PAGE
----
Facts About Bermuda Triangle

Facts about Bermuda Triangle often get mixed in with the legends and lore. Stories of shipwrecks, mysterious disappearances, and scary happenings abound. Some people think it’s aliens, a time warp, or maybe even the lost island of Atlantis. But what are the facts behind the Bermuda Triangle? It helps to look at the history of the legend itself to find out more of what’s going on. This section of the Atlantic Ocean off the East Coast of the United States begins on the island of Bermuda and stretches to Miami on one leg of the triangle with Puerto Rico on the other. Check out a Bermuda Triangle picture to see what we mean.

History & Naming of the Bermuda Triangle

It’s easy to imagine that the Bermuda Triangle dates back hundreds of years—to the time when pirates ruled the Caribbean seas. But it’s much more recent than that. One of the earliest documented usages of the term only dates from 1950, the time when sci-fi ruled the airwaves, movie theaters, and pulp novels. It’s the same time when facts about Bermuda Triangle became confused with the good stories behind them. A 1950 Associated Press article from Edward Van Winkle Jones was the first to use the term. By 1952, George Sand’s article in Fate Magazine laid out the familiar coordinates for the Bermuda Triangle that everyone seems to know. Ironically, it was book disputing the claims of the Bermuda Triangle that seemed to really cement the story in the common imagination. Librarian Larry Kusche’s 1975 book The Bermuda Triangle Mystery: Solved punched plenty of holes in the story, all while making the legend even more famous.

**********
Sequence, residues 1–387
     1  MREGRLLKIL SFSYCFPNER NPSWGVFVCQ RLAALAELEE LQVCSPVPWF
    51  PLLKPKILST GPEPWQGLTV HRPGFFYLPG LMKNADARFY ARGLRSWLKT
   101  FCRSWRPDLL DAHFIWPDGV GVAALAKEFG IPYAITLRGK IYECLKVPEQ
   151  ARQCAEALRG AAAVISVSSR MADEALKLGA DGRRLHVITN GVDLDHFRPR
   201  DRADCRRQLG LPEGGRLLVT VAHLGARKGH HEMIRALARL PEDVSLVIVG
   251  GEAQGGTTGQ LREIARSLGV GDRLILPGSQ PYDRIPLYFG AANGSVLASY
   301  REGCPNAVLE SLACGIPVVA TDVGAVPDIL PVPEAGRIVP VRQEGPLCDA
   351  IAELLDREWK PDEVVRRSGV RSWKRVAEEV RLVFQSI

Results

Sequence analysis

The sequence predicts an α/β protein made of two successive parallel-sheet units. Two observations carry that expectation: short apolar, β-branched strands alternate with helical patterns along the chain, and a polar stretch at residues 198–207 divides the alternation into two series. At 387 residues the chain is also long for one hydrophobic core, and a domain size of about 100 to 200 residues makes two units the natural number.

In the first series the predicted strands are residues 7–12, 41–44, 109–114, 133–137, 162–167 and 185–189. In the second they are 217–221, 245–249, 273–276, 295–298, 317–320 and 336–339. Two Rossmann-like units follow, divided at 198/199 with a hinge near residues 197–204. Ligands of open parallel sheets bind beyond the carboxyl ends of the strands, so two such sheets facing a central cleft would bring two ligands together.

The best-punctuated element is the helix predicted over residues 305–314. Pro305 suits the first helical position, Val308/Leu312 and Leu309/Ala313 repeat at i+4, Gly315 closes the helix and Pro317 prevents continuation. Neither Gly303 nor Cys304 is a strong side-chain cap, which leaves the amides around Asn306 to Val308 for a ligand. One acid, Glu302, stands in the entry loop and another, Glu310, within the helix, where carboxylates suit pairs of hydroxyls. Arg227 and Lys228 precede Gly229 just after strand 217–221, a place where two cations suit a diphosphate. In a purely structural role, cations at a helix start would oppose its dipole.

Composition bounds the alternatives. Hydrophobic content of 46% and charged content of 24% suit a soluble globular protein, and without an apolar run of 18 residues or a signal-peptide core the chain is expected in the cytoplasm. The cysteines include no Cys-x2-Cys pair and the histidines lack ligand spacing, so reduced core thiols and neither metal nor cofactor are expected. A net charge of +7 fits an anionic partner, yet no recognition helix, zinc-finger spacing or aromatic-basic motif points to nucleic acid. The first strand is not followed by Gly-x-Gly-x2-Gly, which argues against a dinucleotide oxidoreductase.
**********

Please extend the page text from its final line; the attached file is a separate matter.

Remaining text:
Incidents & Disappearances

When discussing facts about Bermuda Triangle, it’s hard to deny there have been plenty of shipwrecks off the coast of Bermuda. Fierce storms can blow through the Atlantic Ocean, which can spell disaster for those traveling by sea or air. The Cristobal Colon is one of those ships that didn’t make it to its intended destination. In 1936, the Spanish yacht ran aground on a coral reef. Today, the shipwreck is one of the top places for diving in Bermuda. The explanation for the Cristobal is clear, but not as much for the USS Cyclops. In 1918, the collier ship departed Barbados heading towards Baltimore. All 300-plus crew members were lost when the ship wrecked. A few years later, the Carrol A. Deering, a schooner, washed ashore in North Carolina, with no one on board.

The incidents aren’t related to ships. Several aircraft have encountered troubles in the churning waters off of Bermuda—many during the 1940s. Perhaps the most famous incident is Flight 19, lost in 1945, with 14 souls on board. The next day, the flights of rescuers were lost in search of missing Flight 19. There have been many stories told these incidents and more, all part of the legends, lore and history of the Bermuda Triangle. 

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